The implementation of Recursive Coordinate Bisection (RCB) in Zoltan is due to Steve Plimpton of Sandia National Laboratories and was modified by Matt St. John and Courtenay Vaughan. In this implementation of RCB, the parallel computer is first divided into two pieces and then the computational domain is divided into two pieces such that the proportion of work in each piece is the same as the proportion of computational power. The division of the parallel machine is done by a subroutine which is part of the support for heterogenous architectures that is being built into the Zoltan library. This process is repeated recursively on each subdomain and its associated part of the computer. Each of these divisions are done with a cutting plane that is orthogonal to one of the coordinate axes.

At each of these stages, each subdomain of processors and the objects
that are contained on those processors are divided into two sets based
on which side of the cutting plane each object is on. Either or both of
these sets may be empty. On each processor, the set of objects which are
on the same side of the cut as the processor are retained by the processor,
while the other objects are sent to processors on the other side of the
cut. In order to minimize the maximum memory usage in each set of processors,
the objects that are being sent to each set of processors are distributed
such that each each processor in a set has about the same number of objects
after the objects from the other set of processors are sent. In the case
when a processor has more objects that it will retain than the average
number of objects that the rest of the processors have in its set, then
that processor will not receive any objects. Thus each processor may send
and receive objects from several (or no) processors in the other set. The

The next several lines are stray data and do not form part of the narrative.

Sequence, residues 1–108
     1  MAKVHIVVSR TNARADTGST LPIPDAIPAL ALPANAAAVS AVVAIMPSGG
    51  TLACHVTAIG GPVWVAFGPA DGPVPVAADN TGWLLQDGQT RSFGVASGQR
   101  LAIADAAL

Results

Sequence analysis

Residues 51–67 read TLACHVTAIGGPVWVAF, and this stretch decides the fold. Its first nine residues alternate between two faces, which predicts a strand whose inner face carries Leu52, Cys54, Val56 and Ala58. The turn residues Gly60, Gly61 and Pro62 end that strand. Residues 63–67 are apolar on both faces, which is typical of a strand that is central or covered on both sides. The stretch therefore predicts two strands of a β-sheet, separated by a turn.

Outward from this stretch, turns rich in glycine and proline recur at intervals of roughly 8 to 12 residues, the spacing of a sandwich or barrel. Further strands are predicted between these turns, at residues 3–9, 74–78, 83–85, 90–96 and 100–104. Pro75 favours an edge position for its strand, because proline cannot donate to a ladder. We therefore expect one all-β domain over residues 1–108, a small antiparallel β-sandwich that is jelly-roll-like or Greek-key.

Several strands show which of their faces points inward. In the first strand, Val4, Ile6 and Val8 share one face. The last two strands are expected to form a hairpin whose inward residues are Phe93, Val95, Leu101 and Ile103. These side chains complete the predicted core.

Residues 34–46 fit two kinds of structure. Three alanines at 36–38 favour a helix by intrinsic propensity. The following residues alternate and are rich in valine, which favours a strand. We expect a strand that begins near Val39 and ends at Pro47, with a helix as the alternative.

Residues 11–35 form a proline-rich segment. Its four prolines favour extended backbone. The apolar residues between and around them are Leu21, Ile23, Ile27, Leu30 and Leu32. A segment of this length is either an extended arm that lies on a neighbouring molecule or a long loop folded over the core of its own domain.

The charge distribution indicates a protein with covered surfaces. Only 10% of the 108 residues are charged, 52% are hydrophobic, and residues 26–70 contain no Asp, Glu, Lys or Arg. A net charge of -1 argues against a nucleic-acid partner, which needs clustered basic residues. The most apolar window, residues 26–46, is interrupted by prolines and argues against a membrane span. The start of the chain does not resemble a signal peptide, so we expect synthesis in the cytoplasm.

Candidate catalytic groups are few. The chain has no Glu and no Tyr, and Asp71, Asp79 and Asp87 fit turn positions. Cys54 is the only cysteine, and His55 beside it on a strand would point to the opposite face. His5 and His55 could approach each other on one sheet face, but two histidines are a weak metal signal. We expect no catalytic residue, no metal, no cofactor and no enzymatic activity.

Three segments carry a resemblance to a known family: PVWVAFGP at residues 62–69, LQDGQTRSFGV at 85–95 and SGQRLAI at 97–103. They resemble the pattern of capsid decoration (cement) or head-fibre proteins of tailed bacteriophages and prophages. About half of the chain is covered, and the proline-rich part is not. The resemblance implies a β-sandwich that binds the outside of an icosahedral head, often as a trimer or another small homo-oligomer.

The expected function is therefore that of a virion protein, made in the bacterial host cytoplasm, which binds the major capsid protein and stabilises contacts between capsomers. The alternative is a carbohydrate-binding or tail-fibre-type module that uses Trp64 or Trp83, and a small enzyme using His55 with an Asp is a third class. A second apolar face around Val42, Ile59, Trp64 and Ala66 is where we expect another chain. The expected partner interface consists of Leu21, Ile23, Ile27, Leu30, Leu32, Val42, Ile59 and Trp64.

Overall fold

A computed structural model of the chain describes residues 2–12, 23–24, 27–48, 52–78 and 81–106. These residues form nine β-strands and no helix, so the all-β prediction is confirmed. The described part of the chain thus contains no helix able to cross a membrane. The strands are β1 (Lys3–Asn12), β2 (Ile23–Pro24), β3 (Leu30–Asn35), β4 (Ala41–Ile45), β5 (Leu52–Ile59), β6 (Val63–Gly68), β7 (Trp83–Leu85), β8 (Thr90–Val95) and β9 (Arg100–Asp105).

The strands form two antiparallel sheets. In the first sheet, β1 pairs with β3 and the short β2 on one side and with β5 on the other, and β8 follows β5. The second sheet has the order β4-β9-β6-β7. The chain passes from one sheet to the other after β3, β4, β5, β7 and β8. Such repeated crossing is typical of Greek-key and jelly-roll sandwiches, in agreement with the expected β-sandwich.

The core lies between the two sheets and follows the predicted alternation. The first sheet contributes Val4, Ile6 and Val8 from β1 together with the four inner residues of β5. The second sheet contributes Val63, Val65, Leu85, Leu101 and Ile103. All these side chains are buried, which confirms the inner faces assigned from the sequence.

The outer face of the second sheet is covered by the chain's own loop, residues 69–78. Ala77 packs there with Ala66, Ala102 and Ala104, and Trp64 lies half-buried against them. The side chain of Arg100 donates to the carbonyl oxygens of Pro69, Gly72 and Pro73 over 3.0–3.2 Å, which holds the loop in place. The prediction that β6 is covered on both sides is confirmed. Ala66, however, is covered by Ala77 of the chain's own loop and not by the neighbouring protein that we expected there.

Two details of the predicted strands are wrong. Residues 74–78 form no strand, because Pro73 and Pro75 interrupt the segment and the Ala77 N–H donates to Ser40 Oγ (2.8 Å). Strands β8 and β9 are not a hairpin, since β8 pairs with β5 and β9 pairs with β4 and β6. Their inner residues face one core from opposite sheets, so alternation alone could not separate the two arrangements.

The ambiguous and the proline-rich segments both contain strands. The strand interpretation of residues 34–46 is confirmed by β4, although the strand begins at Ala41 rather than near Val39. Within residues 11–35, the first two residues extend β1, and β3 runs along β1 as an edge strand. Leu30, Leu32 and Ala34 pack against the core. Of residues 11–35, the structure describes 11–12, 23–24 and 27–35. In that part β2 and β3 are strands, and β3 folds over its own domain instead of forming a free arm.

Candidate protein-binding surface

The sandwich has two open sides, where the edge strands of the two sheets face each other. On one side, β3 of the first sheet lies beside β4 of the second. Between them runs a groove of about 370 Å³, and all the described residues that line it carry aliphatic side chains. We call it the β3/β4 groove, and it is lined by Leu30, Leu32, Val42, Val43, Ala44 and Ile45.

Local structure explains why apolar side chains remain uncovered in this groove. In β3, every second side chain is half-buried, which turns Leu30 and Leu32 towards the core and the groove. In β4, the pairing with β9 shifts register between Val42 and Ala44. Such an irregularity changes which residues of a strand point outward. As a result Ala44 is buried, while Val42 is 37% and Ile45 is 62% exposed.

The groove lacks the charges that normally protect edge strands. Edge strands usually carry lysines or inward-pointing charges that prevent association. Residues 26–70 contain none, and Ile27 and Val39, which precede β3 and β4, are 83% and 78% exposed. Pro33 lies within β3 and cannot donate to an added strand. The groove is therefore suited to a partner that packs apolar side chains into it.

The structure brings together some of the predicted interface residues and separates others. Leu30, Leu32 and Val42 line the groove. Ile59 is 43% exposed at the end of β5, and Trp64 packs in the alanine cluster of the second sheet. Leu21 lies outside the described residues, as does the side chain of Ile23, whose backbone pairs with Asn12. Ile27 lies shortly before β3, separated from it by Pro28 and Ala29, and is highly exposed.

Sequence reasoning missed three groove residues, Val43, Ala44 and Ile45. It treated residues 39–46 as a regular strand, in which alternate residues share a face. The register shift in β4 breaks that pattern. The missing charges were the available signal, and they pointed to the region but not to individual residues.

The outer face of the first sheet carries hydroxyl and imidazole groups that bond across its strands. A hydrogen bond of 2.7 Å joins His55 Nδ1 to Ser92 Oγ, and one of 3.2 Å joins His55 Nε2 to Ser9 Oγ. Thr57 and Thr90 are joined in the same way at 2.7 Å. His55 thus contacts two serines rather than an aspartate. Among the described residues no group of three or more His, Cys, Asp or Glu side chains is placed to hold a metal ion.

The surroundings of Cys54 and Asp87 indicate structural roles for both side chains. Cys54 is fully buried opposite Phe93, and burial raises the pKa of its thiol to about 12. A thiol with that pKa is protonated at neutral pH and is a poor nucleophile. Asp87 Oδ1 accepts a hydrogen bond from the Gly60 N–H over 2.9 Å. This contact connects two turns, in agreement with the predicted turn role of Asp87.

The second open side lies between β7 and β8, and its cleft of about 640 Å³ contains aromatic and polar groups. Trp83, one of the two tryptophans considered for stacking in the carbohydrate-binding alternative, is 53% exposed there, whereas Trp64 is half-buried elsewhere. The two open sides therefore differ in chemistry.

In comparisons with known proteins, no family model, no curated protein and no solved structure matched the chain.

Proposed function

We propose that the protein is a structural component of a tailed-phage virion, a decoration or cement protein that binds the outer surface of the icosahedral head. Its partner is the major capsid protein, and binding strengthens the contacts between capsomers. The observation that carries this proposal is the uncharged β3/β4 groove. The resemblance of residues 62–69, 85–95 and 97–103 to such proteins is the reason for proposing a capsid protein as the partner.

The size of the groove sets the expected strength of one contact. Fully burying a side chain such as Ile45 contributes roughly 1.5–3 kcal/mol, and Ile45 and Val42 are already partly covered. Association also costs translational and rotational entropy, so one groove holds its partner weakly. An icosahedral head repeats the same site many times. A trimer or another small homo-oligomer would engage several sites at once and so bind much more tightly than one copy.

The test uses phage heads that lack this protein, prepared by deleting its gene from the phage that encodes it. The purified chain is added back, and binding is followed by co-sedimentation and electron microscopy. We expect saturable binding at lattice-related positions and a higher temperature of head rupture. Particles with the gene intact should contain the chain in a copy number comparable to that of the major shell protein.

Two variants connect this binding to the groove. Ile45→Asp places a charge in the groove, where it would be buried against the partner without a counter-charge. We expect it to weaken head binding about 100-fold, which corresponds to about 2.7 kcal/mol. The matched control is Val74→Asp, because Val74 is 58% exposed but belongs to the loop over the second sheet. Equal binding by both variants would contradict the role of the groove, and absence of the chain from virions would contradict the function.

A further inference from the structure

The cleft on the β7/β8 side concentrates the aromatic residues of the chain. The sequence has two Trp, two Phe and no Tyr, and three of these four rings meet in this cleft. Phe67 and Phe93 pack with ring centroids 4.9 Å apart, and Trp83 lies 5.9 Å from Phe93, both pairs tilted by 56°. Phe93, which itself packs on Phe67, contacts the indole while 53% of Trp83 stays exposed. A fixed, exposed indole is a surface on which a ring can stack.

process of determining which outgoing objects are sent to which processors
is determined in the subroutine **Zoltan_Create_Proc_List**. Once this new
distribution of objects is determined, the
**unstructured communication package** in
Zoltan is used to determine which processors are going to receive which
objects and actually move the objects.

For applications that wish to add more objects to the decomposition
at a later time (e.g., through **Zoltan_LB_Box_Assign** or **Zoltan_LB_Point_Assign**), information to do this can be retained during the
decomposition phase. This information is kept if the parameter KEEP_CUTS
is set during the decomposition (see the RCB section in the
**Zoltan User's Guide**).
This information about the decomposition can be thought of as a tree with
the nodes which have children representing the cut information and the nodes
with no children representing processors. An object is dropped through the
tree starting with the root node and uses the cut information at each node it
encounters to determine which subtree it traverses. When it reaches a terminal
node, the node contains the processor number that the object belongs to.
The information to construct the tree is saved during the decomposition.
At each step in the decomposition, when each set is divided into two sets,
the set with the lowest numbered processor is designated to be the left set
and the information about the cut is stored in the lowest numbered processor
in the other set of processors which is the right set. As a result of this
process, each processor will store information for, at most, one cut, since
once a processor stores information about a cut, by being the lowest numbered
processor in the right set, it will always be in a left set after each
subsequent cut since it will be the lowest numbered processor in the set
being cut and the set it is put into will be the left set. The processor